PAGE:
Harry Joseph Patton, whose varied life included stints working as a puppeteer, child portrait photographer, museum curator and Smithsonian Institution specialist in the history of photography, died July 6 of osteoporosis at Broadmead, the Cockeysville retirement community. He was 85.
Several years ago, reflecting on his life, Mr. Patton told Harry Scott, a friend and fellow Broadmead resident, "It's the variety of things that have happened in my life that's important."
Mr. Patton was a stocky man whose round face was often highlighted by a white beard or lamb-chop whiskers and who was seldom without a hand-tied bow or bolo tie.
For nearly 25 years until he closed shop in 1969, his specialty was photographing children. He would pack his green 1950 Plymouth station wagon - Patton Photography painted in red on its flanks - with cameras and boxes of equipment, including two puppets, which he used to amuse the children he was to photograph.
"He used them to distract the children from looking directly at the camera," said his son Christopher D. Patton of DeBary, Fla.
During the 1930s, he and his brother Roy developed an interest in puppetry. Their production of "Peer Gynt" with Tatterman Marionettes was described in the book "Puppet Theater in America" as "the most ambitious puppet theater in the annals of American puppetry. This elaborate production ... with puppets made by Roy and Harry Patton and Carl Saleske, was built and sent on tour in 1937."
Mr. Patton's first wife, the former Mary Louise King, sewed the puppet costumes. Her death 18 months after their marriage and the coming of World War II ended his association with puppet theater.
After marrying Genieann Parker, a child analyst, in 1939, he went to work in Baltimore for Blakeslee Lane Studios. Mrs. Patton died in 1979.
"This was commercial photography not the usual weddings and babies stuff," Mr. Patton told Mr. Scott. "Nobody taught me photography. I just talked my way in. You hang around long enough and someone jams a camera in your hands and you're off."
In the1950s, while employed at Blakeslee Lane, he photographed mannequins and fashions in the downtown show windows of the Hutzler's department store.
As often as the windows changed, he arrived at 2 in the morning when Howard Street was largely free of traffic and trolley buses that might reflect back on the plate-glass windows.
He recalled that he was not the only one on the street at that hour. As soon as he set up his tripod and camera, curious street people would appear and get in the way. To get them to step aside, he would have them step before the camera and pretend to snap their picture.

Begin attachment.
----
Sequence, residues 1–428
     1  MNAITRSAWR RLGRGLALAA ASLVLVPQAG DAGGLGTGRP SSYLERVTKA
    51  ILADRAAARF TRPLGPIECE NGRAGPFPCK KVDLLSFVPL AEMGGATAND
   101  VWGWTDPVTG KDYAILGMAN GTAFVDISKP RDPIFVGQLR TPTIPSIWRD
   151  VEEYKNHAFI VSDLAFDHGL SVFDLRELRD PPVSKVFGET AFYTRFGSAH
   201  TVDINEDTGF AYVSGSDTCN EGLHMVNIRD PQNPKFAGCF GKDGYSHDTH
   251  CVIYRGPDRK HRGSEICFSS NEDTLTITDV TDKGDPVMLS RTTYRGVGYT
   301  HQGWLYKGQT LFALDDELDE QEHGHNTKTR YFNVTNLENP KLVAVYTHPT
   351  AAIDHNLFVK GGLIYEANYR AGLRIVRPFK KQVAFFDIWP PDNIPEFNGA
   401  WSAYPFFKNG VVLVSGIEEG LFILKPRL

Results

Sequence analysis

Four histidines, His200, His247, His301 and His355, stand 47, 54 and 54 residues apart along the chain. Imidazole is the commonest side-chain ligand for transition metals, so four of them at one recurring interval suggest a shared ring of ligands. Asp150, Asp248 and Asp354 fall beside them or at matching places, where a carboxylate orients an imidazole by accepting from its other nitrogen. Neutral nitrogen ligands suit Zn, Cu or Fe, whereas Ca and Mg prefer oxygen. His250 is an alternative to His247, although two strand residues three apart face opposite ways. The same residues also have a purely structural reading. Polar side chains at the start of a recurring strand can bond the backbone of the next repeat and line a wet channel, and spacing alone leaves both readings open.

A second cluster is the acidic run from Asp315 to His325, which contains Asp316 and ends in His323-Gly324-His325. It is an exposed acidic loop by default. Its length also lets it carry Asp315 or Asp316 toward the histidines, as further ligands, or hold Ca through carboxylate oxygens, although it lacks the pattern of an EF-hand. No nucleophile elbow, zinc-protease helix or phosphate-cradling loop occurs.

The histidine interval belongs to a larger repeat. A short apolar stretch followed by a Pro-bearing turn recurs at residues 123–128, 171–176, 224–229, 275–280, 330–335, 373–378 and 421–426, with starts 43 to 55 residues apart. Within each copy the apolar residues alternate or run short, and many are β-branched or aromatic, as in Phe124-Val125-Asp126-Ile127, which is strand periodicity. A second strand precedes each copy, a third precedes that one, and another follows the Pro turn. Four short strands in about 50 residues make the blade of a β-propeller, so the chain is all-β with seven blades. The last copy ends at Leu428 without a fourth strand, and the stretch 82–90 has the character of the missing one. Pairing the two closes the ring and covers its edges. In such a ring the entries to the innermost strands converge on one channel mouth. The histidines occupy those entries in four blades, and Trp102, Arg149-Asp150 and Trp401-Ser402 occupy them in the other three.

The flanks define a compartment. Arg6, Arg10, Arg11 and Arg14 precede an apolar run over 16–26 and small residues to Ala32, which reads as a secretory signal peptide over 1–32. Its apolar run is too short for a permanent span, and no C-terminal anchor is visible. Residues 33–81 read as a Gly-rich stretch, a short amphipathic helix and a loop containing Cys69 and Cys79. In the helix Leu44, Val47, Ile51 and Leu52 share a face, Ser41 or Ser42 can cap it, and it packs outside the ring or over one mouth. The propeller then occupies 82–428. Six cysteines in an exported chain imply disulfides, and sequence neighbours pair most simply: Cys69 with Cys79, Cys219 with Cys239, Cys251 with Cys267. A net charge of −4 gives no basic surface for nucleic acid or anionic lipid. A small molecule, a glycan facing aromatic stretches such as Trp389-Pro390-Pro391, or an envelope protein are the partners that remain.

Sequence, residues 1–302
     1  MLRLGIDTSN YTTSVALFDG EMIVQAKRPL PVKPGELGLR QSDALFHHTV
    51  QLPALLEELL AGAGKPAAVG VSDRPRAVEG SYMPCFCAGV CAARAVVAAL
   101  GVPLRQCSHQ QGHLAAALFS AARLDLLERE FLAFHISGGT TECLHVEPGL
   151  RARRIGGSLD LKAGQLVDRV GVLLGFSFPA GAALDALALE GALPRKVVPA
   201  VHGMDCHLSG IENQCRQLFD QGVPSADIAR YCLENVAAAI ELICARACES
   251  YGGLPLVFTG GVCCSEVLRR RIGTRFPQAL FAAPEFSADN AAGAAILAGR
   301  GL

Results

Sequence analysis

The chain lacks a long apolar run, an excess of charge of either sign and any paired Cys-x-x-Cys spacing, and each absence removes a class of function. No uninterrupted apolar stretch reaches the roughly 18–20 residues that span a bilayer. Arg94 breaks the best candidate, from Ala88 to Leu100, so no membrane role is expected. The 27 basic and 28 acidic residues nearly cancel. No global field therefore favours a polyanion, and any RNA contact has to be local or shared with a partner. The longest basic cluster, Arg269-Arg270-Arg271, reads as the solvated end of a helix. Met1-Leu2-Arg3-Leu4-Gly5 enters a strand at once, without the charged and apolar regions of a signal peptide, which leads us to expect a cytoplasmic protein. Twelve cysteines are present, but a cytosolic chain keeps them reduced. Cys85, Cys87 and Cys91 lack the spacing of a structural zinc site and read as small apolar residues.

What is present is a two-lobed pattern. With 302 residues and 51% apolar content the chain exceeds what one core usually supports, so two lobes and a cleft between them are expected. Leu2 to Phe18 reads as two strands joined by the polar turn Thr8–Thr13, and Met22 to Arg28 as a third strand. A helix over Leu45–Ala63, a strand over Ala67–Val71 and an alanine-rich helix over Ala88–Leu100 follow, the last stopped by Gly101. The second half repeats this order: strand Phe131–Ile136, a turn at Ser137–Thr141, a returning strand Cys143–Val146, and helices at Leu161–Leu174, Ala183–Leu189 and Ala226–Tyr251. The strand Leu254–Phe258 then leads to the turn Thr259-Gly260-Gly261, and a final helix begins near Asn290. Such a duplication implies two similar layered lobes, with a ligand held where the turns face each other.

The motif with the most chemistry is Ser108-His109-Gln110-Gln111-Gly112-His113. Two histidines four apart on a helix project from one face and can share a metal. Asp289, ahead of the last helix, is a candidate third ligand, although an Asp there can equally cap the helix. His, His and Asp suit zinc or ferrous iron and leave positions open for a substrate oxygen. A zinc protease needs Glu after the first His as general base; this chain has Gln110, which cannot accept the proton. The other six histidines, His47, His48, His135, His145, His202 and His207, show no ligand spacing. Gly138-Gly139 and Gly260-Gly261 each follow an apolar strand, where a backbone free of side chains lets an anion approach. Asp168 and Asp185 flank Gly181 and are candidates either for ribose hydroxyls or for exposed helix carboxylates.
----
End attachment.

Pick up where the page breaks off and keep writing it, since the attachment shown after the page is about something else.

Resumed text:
A resident of a home on York Road in Towson that dated to the Revolutionary War, Mr. Patton had outfitted a Civil War-era-milkhouse as a studio, decorating its walls with his extensive collection of Early American tools.
After closing his studio, he worked as an administrator at Lyndhurst, the home of Jay Gould, the 19th-century Wall Street financier and Erie Railroad baron, in Tarrytown, N.Y. He returned to Maryland a year later and joined the staff of the National Colonial Farms in Accokeek, Prince George's County.
He was a specialist in the history of photography at the Smithsonian, where he helped complete five period settings in the Hall of Photography. He retired in 1984.
Mr. Patton was born in Springfield, Ohio, the son of a barber. His Quaker great-grandmother, Jan Wilson, used her home as an underground railroad station to hide runaway slaves.
Raised largely in Dayton, Ohio, where he often frequented the Wright brothers' bicycle shop, Mr. Patton graduated from Steele High School.
A conscientious objector during World War II, he was imprisoned at the Federal Penitentiary at Lewisburg, Pa., where he was assigned to farm work, caring for the dairy's three bulls and driving the dairy's truck. He was paroled in 1945 after serving 11 months and four days. He was pardoned by President Harry S. Truman in the late 1940s.
"Like everything else in his life, he made his experience in prison entertaining," said the son.
Mr. Scott described him as a "wonderful mixture of Robin Hood and St. Francis, of Gandhi and of Jacob, who wrestled with the Angel of the Lord. Who but Harry would put on his application for Broadmead that he was a graduate of the 'Federal Crime School,' at Lewisburg?"
Mr. Patton was a member of the Gunpowder Friends Meeting in northern Baltimore County.
A memorial service will be held at 11 a.m. Saturday at Broadmead, 13801 York Road.
He is survived by two other sons, Derek W. Patton and Kevin C. Patton, both of New Zealand; and eight grandchildren.
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